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Freediving Gear: Complete Set Guide

Updated: May 1, 2023

Welcome to our comprehensive head-to-toe guide to the base freediving gear that you would need from beginner all the way to expert. The gear guide is not organized by skill level but by price because unless you're looking to compete at a cutting-edge competitive level, you can find the gear that will complement your skill level at all price ranges. On this page, we will highlight our personal recommendation with an explanation as to why for each type of gear and link to our other pages that will go into each type of gear in depth.

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Freediving Mask: Aqua Lung Sphera X

Aqua Lung Mask

As a freediving instructor, I am always on the lookout for the best gear to recommend to my students. One piece of equipment that consistently rises to the top is the Aqua Lung Sphera X freediving mask. In this blog post, I will delve into the details of this popular mask and explain why it is worth the investment for serious freedivers.

One of the standout features of the Aqua Lung Sphera X is the newly designed curved plastic lens. This lens provides a 180-degree field of vision, giving divers an unparalleled view of their surroundings. In addition to the wide field of vision, the Sphera X boasts a low-profile design that minimizes drag and allows for easy equalization. This means that you can use less air to equalize the mask, which ultimately leads to longer and more comfortable dives.

Another key aspect of the Sphera X is the soft silicone material used in the mask's construction. This material provides a comfortable and reliable seal, which is crucial for long dives. With this mask, you can spend hours exploring the underwater world without worrying about water seeping in and interrupting your dive.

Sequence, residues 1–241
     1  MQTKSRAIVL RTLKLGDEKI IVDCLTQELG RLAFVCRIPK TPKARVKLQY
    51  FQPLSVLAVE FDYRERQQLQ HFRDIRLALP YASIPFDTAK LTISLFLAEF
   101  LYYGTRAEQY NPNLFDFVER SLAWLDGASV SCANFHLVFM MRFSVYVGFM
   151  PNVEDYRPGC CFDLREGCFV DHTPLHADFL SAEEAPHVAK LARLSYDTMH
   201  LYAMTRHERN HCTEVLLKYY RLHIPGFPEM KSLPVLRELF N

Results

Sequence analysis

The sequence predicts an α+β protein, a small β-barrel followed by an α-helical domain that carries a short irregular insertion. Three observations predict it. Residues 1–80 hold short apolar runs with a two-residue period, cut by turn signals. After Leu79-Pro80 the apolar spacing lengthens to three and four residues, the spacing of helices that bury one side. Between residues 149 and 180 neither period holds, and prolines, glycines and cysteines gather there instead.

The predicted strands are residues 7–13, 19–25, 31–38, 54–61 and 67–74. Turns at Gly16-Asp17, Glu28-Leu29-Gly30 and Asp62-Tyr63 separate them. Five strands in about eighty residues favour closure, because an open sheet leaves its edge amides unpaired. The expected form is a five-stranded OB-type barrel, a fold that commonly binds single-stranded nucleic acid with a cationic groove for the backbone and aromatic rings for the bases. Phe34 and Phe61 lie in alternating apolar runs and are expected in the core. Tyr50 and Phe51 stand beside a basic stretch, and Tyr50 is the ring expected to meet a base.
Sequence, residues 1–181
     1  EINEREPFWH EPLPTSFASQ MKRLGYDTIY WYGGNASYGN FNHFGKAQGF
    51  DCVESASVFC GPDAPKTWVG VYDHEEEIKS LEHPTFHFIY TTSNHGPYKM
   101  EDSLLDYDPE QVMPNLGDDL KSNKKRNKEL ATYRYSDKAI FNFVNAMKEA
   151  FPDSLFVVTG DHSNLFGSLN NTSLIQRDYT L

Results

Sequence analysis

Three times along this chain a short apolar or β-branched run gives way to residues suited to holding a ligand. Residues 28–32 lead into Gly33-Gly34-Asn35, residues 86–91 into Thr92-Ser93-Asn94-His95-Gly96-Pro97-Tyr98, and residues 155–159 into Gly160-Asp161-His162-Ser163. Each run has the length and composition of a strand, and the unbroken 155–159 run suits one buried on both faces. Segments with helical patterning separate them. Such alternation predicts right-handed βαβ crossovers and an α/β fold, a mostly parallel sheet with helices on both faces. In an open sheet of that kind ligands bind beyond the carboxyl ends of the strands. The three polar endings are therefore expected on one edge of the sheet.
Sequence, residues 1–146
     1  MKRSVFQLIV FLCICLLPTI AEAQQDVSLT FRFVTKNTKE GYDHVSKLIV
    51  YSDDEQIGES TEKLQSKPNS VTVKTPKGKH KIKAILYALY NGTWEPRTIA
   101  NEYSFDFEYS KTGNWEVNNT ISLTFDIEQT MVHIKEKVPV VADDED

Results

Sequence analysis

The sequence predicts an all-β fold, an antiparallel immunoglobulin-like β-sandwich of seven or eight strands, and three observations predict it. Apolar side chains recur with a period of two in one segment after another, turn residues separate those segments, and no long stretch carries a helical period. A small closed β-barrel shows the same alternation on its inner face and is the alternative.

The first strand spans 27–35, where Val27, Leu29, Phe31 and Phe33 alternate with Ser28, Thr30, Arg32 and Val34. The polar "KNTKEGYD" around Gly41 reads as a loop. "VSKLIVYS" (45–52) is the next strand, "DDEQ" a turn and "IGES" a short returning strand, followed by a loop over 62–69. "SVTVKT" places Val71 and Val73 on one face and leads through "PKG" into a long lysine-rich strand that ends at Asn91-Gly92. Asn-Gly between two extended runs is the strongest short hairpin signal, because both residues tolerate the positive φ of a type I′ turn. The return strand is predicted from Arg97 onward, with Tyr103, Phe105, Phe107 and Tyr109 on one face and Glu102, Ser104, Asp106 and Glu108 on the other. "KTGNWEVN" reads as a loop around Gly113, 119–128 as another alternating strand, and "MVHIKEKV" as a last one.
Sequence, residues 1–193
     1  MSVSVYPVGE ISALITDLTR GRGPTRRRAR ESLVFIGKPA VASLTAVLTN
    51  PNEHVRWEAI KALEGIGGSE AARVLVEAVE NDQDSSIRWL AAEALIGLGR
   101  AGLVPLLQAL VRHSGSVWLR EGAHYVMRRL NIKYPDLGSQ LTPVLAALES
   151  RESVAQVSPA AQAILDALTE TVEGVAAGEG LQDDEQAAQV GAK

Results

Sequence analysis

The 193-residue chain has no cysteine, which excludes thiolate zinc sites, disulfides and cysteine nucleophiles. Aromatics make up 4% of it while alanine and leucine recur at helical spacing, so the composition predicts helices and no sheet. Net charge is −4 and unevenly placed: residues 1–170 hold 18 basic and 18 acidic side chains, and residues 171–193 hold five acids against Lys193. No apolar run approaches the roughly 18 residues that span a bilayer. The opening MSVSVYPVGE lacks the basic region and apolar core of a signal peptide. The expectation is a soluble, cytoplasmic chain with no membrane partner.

Of course, with any investment in diving gear comes the concern about durability. While the Sphera X's plastic lens is more susceptible to scratches than glass lenses, Aqua Lung includes a hard case with the mask to protect it during travel. With proper care, such as avoiding dropping the mask on a sandy beach, the Sphera X can provide many years of reliable use.

One of the biggest stand out points is that the Aqua Lung Sphera X is reasonably priced compared to other masks on the market, and it is well worth the investment for serious freedivers. With its wide field of vision, low profile design, and reliable seal, this mask will enhance your diving experience and allow you to explore the underwater world with ease. If you are looking for a high-quality freediving mask, the Aqua Lung Sphera X is definitely worth considering.

Freediving Snorkel: Hele i Waho


This is your cheap and cheerful snorkel perfect for freediving.

Hele i Waho is the house brand of the scuba diving shop Aqros based in Ikebukuro, and they have created a line of freediving goods that a fairly priced (in comparison to an overpriced domestic market) while high in quality.

This snorkel will set you back 2693円 at the time of writing, available in black, white, and clear, and has three main stand-out features.

  1. The snorkel does not have a valve at the bottom. Unlike snorkeling or scuba diving snorkels, when freediving you want to avoid having a valve at the bottom so that when you're ascending you can clear the snorkel but have a small amount of air into the snorkel that will expand so that by the time you reach the surface it will be clear. (This only applies to skin diving, when freediving along a rope you should always spit out your snorkel.)

  2. The snorkel is flexible and rolls up, so it is light to pack and squish into the buoy. The mouthpiece is also removable if you want to clean the inside to ensure that there is no mold but with proper care, it is unlikely that there will be mold in the first place

  3. The mask attachment is loose and so it is my personal preference to remove it and simply slide the soft snorkel between the mask strap and my head. In doing so, allows me to remove the snorkel easily when it is my turn to freedive but also put it back quickly and fasten it in place when I am supporting my freediving buddy.

Freediving Wetsuit: Performance Yamamoto 3mm